The Manhattan Shinola is located at 177 Franklin Street, just a few blocks north of the World Trade Center, and is actually fronted by a small coffee shop. You walk in the front door, which looks like a shop front out of the early 1900’s, and you’re greeted by the smell of coffee and the sight of a barista and a few chairs to sit and relax.

Walk to the “back” of the coffee shop, and you’re soon standing in the middle of the small showroom of Shinola, a place that is beautifully decorated with a patina that is straight out of The Godfather.

ShinolaWatches and bicycles and journals and leather goods and a few articles of clothing are beautifully displayed among other items not for sale (I’m assuming), like a book on Eames design or a coffee table book about Muhammad Ali (to commemorate a special run of products commemorating American heroes).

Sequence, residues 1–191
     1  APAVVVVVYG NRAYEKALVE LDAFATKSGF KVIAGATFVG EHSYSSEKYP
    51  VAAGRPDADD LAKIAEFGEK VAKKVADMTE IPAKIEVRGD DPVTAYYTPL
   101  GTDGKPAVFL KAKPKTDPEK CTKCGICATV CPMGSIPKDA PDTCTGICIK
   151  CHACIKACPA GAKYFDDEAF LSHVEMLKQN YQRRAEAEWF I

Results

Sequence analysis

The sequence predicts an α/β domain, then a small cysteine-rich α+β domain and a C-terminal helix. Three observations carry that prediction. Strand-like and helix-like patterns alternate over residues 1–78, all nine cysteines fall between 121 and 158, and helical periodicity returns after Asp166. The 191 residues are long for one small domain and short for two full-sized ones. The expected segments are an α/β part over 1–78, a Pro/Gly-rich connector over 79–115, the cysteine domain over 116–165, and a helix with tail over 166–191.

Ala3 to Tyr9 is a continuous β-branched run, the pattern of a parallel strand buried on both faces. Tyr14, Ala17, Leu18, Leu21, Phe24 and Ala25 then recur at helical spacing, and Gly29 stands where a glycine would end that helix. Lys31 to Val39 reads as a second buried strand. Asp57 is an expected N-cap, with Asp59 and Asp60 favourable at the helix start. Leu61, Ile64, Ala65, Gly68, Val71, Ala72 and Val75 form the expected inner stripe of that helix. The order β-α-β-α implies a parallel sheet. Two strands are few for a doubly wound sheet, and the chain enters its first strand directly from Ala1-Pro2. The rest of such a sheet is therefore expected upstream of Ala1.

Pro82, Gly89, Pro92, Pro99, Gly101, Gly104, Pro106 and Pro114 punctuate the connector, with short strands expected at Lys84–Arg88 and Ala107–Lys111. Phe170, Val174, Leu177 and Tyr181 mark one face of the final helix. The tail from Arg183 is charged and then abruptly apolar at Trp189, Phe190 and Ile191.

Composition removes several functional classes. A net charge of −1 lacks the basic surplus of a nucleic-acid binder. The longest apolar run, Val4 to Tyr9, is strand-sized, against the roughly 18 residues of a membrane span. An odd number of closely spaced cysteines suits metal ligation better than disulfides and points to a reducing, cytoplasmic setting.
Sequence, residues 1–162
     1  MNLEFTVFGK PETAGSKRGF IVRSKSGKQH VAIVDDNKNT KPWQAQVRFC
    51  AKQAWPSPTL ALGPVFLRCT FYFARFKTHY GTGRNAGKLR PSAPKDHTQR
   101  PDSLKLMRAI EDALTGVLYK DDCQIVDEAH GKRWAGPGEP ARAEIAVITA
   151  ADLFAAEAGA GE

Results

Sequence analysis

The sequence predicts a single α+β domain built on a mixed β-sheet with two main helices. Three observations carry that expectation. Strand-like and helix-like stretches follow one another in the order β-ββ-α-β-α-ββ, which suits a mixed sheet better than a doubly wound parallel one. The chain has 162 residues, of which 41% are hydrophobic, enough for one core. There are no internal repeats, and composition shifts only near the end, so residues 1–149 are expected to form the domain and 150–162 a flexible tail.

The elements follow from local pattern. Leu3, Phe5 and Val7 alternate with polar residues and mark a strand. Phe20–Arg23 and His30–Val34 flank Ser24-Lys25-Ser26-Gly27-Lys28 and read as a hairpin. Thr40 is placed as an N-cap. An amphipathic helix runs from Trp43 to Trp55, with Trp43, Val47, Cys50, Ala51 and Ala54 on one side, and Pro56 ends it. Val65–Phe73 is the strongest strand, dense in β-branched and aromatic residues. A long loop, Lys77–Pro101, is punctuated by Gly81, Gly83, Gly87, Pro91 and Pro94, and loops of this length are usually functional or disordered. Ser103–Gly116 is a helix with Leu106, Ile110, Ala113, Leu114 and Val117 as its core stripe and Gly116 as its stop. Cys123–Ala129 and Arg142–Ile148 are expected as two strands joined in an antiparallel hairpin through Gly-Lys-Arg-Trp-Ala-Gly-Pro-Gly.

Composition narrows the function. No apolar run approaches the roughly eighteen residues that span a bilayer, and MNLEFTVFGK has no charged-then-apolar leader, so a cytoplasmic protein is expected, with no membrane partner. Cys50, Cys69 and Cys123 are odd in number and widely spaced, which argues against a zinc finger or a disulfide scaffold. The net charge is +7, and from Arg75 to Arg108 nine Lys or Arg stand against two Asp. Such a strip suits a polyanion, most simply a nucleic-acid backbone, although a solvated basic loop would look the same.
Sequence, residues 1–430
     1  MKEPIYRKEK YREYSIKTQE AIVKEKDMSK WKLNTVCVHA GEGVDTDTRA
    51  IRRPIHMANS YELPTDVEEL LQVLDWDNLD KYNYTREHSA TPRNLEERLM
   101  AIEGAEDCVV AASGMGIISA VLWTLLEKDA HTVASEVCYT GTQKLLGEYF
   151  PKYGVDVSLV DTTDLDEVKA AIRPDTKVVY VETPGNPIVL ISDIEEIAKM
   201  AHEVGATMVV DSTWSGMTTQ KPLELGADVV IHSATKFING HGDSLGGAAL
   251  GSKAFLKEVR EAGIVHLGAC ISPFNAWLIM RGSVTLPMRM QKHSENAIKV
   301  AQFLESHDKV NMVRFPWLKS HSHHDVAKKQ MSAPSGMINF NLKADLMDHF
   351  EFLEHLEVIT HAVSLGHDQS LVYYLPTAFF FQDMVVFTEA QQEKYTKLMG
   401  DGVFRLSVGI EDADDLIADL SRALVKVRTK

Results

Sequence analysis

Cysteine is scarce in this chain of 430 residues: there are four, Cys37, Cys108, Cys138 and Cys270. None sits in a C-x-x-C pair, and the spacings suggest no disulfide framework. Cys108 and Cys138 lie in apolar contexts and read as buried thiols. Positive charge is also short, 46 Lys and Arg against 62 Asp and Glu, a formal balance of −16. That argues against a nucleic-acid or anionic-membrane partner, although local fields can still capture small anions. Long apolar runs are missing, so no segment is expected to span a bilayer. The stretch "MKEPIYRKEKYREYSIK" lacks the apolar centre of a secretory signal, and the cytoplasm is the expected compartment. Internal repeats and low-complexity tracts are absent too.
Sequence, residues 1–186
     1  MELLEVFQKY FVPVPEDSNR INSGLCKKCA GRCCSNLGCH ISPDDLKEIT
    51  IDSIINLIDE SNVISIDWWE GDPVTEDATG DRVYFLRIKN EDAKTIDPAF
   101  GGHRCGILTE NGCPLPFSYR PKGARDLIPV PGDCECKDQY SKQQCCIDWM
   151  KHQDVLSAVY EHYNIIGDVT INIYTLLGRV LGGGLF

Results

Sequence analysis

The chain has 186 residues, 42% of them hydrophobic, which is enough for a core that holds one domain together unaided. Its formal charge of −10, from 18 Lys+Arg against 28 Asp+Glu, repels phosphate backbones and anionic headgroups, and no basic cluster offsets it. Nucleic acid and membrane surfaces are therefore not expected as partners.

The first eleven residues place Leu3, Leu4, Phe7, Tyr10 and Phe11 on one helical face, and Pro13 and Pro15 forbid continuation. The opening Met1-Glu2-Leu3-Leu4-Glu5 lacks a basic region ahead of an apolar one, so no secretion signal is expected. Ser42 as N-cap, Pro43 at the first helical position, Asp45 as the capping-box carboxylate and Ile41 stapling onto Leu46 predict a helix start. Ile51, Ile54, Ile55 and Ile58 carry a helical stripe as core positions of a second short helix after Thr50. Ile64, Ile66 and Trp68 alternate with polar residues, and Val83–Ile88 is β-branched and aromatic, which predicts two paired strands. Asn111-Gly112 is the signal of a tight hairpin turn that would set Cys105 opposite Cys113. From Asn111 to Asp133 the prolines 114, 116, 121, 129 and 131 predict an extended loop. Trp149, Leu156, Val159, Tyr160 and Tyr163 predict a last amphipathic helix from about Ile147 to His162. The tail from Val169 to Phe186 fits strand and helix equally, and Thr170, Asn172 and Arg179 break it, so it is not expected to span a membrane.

The associates were gracious and invited me to take photos as I browsed, which I did as each in turn told me about the store and the company.

In the end, I purchased two Moleskine-type journals and a pencil like the kind construction workers use that had the Shinola logo embossed on it in black. As I paid for my purchase, the associate assisting me offered me free embossing of my journals (they doe this for all paper and leather products). I chose the size and color of the type and watched as he set up and antique looking machine and personalized my journals as I watched.

It’s rare when a retail brand captivates my imagination and interest (there are so few who even try), but Shinola has made a fan of me, and I can’t wait to visit their Minneapolis location when I’m up there next week.

A day spent networking

Day 2 of New York and having little-to-no time for making stuff.